46 U.S. Code § 41105 - Concerted action
A conference or group of two or more common carriers may not—
(2) engage in conduct that unreasonably restricts the use of intermodal services or technological innovations;
(3) engage in any predatory practice designed to eliminate the participation, or deny the entry, in a particular trade of a common carrier not a member of the conference, a group of common carriers, an ocean tramp, or a bulk carrier;
(4) negotiate with a non-ocean carrier or group of non-ocean carriers (such as truck, rail, or air operators) on any matter relating to rates or services provided to ocean common carriers within the United States by those non-ocean carriers, unless the negotiations and any resulting agreements are not in violation of the antitrust laws and are consistent with the purposes of this part, except that this paragraph does not prohibit the setting and publishing of a joint through rate by a conference, joint venture, or association of ocean common carriers;
(5) deny in the export foreign commerce of the United States compensation to an ocean freight forwarder or limit that compensation to less than a reasonable amount;
(6) allocate shippers among specific carriers that are parties to the agreement or prohibit a carrier that is a party to the agreement from soliciting cargo from a particular shipper, except as—
(7) for service pursuant to a service contract, engage in any unjustly discriminatory practice in the matter of rates or charges with respect to any locality, port, or person due to the person’s status as a shippers’ association or ocean transportation intermediary; or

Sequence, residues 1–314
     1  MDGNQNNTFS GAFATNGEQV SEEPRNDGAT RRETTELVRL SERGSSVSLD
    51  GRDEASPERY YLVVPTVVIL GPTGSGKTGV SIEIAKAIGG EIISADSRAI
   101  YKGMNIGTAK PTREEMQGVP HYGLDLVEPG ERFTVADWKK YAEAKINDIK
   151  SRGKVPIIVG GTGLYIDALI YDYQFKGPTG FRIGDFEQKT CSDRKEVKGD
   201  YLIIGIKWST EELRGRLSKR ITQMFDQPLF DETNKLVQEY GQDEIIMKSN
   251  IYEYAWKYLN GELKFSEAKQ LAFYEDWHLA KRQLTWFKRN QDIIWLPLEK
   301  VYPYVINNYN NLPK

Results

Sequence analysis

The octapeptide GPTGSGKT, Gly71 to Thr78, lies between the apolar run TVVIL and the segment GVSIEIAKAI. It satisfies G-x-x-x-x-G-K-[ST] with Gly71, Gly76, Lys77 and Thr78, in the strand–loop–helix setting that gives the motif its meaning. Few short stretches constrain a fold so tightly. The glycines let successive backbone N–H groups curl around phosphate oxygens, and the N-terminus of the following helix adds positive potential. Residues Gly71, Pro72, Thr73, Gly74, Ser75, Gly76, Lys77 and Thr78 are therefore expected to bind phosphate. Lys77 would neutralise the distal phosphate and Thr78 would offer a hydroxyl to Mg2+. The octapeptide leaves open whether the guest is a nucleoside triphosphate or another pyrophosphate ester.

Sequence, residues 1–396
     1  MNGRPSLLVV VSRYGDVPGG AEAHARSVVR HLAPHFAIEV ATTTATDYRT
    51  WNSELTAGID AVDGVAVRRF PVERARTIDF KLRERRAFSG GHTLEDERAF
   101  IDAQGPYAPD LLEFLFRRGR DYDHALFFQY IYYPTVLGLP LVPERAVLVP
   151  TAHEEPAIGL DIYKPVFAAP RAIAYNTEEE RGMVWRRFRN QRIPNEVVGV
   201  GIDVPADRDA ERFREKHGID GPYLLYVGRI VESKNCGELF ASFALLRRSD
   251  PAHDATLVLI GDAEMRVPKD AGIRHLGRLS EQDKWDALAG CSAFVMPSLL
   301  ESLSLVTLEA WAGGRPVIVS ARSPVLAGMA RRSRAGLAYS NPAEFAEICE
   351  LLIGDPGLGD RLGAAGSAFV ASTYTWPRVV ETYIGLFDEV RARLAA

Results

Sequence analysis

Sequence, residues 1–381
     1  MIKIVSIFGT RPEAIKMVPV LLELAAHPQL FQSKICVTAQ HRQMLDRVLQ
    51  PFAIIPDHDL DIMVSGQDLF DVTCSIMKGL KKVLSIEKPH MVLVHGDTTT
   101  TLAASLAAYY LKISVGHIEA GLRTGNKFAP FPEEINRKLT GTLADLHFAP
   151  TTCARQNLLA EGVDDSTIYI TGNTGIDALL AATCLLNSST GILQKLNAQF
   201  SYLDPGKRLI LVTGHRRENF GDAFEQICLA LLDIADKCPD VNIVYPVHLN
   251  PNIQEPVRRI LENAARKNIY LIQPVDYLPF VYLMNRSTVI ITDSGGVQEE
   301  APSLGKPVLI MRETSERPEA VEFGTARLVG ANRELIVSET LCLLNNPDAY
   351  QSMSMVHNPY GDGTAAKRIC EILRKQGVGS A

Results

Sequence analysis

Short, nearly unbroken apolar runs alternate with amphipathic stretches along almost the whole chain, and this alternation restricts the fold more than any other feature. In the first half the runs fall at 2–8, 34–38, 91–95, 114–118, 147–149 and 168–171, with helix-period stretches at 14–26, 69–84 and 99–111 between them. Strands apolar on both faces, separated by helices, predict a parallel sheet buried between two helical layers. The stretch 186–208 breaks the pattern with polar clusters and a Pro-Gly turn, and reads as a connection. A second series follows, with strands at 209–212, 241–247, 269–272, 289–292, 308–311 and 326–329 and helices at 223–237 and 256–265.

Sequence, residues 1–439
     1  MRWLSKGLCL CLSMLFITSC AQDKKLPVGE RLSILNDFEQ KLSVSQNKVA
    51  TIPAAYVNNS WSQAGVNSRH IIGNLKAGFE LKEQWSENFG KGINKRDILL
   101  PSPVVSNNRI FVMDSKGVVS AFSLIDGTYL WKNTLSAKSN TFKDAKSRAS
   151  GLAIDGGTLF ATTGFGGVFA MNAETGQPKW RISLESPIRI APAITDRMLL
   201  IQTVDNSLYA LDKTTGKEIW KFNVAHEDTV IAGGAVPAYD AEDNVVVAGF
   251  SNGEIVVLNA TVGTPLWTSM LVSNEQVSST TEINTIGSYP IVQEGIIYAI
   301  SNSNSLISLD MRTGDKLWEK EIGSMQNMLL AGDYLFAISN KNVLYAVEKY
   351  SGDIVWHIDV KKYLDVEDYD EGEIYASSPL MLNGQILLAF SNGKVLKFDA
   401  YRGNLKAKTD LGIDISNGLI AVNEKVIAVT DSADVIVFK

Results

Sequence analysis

(8) for service pursuant to a service contract, give any undue or unreasonable preference or advantage or impose any undue or unreasonable prejudice or disadvantage with respect to any locality, port, or person due to the person’s status as a shippers’ association or ocean transportation intermediary.
Source(Pub. L. 109–304, § 7,Oct. 6, 2006, 120 Stat. 1542.)
|Revised Section||Source (U.S. Code)||Source (Statutes at Large)|
|Pub. L. 98–237, § 10(c), Mar. 20, 1984, 98 Stat. 77; Pub. L. 105–258, title I, § 109(b), Oct. 14, 1998, 112 Stat. 1910; Pub. L. 105–383, title IV, § 424(b), Nov. 13, 1998, 112 Stat. 3441.|
In paragraph (5), the words “ocean freight forwarder” are substituted for “ocean transportation intermediary, as defined by section 1702(17)(A) of this Appendix” because the definition of “ocean transportation intermediary” in section 1702(17)(A) contains a definition of “ocean freight forwarder” which is restated as a separate definition.